• Andrew C, 2 years ago

    These animations are all based on CSS animations... so on web it would barely be a blip on performance so long as the layout method was used properly (up to the tool to do that).

    For mobile, though, you may have a point. iOS uses a literal physics engine to do their shit. Not sure how well CSS will translate to that.

    0 points
    • Mattan IngramMattan Ingram, 2 years ago

      Sure you can theoretically do most of this with CSS animations, but when you can animate a bunch of absolutely positioned stuff nicely in a single artboard it is very different from animating elements in a variable size browser window and have it look nice for everyone.

      Also once you have enough animations, or more complex animations, performance can be an issue even with using only opacity and transform animations.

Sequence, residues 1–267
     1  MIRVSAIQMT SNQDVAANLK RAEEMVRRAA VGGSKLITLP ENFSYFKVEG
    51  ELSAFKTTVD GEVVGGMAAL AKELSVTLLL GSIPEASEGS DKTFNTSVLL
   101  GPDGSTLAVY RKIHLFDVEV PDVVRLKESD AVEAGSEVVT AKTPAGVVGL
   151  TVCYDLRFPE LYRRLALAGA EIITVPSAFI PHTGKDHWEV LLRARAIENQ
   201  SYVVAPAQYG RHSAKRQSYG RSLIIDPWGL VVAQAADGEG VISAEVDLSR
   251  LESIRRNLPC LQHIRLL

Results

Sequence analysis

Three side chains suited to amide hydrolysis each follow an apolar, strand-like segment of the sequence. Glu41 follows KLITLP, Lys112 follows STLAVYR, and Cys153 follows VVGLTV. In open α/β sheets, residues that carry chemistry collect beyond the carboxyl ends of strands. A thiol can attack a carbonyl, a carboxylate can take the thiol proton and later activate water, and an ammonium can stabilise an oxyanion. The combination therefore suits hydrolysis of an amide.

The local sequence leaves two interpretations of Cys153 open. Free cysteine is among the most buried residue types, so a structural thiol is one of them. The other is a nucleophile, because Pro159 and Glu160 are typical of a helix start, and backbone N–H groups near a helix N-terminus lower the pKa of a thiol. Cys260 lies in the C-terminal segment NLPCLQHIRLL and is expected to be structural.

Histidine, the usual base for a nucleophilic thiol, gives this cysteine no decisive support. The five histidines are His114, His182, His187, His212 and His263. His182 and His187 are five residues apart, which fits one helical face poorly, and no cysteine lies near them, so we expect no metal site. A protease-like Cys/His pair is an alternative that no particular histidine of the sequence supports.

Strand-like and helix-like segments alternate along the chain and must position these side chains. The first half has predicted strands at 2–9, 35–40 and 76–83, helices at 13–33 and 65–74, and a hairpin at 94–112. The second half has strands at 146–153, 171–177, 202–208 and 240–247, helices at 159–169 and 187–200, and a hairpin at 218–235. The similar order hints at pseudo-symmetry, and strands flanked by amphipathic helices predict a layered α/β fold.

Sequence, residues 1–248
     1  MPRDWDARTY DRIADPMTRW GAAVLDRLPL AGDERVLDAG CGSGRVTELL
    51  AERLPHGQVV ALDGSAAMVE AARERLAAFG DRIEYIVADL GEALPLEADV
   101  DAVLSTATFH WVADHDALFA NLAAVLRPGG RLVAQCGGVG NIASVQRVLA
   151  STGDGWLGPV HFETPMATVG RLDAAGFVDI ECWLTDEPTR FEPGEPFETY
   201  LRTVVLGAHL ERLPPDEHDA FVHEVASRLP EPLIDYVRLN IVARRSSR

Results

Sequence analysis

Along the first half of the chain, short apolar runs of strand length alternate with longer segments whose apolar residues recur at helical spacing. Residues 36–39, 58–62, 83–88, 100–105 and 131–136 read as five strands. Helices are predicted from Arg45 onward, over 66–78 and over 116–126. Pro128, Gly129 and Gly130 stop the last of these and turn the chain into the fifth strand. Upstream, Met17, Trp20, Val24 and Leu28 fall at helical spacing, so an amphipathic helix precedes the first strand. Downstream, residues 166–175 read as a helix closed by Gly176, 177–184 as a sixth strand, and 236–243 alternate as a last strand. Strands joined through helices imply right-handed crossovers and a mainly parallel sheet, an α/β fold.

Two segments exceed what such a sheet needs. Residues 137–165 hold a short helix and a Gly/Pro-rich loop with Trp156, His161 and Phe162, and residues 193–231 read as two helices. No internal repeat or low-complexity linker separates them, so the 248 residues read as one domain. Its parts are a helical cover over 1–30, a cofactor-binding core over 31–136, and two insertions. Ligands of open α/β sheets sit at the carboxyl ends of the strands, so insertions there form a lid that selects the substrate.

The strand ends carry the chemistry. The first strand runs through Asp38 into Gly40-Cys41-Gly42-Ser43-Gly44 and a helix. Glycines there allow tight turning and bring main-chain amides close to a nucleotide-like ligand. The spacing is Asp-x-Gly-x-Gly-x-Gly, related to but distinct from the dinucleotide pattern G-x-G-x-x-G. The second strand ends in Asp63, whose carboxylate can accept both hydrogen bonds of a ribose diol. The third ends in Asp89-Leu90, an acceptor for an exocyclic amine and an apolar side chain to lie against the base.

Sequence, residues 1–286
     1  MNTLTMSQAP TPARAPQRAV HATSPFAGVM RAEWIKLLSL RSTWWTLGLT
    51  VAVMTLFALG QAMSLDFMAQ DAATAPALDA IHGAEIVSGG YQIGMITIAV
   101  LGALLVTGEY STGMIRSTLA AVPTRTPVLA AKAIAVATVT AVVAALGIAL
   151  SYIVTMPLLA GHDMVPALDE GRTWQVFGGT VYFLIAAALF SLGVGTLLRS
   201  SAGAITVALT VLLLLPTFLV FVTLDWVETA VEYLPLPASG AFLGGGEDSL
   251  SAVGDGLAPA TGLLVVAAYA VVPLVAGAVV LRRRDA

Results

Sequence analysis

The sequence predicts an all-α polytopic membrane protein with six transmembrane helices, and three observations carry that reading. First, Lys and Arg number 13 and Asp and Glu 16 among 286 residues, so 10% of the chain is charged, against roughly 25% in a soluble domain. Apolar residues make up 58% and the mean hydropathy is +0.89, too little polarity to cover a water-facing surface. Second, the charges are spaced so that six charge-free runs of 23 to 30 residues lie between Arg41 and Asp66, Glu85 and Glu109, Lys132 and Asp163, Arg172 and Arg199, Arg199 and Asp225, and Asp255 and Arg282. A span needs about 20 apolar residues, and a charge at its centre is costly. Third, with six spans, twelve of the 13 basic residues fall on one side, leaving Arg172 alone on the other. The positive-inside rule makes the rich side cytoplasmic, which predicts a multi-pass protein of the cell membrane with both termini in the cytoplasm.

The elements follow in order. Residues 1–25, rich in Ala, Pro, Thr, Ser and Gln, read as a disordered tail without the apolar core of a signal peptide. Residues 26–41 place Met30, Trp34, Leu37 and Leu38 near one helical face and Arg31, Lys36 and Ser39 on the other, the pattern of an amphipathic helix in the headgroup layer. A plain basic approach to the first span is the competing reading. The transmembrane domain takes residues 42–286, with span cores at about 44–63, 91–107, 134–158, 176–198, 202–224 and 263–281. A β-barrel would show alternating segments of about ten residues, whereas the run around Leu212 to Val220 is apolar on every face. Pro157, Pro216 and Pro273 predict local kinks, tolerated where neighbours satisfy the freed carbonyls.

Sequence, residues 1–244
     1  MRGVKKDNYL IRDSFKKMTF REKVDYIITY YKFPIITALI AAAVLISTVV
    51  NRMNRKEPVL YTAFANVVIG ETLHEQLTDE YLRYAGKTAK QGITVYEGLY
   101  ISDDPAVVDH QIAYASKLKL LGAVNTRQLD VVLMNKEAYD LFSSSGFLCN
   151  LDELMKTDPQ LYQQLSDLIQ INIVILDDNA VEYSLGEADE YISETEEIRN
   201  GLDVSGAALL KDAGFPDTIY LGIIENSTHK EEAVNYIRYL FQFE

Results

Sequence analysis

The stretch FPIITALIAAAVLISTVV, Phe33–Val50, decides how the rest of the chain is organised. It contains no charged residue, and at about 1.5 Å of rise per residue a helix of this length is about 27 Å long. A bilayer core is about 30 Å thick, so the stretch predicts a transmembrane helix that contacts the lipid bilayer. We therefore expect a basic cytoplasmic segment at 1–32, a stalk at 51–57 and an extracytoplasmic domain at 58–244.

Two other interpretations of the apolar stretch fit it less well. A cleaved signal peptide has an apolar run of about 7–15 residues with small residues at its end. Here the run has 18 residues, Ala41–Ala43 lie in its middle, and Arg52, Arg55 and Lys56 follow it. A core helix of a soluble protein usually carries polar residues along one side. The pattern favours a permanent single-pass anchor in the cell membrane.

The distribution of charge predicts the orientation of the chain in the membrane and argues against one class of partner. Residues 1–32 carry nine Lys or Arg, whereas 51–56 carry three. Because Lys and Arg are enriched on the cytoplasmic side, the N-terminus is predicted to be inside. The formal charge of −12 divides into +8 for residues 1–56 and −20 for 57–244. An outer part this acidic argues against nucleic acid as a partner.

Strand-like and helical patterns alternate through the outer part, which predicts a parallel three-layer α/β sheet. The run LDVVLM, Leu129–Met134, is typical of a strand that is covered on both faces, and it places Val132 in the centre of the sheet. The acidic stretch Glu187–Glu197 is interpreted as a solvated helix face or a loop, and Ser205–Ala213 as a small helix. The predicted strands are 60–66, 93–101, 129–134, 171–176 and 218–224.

Regardless of implementation, I want a tool that actually understands the environment I'm designing for. I'm thinking of switching to Webflow for a lot of web design stuff, but then it isn't cross compatible with more absolutely positioned design work.

      1 point
      • Andrew C, 2 years ago

        You have to start somewhere.

        0 points
        • Mattan IngramMattan Ingram, 2 years ago

          Sure, why start with animations? Why not start with something no other popular tool has and is far more widely needed than animations.

          0 points
          • Andrew C, 2 years ago

            Studio is competing largely with Sketch, and Sketch doesn't offer animations out of the box. So the rationale might be that baking in animation provides a competitive advantage that Sketch doesn't have. Not a foolish strategy by any means.

            Whether that's the most important problem to solve; you may be right. I won't be the judge of that.

            0 points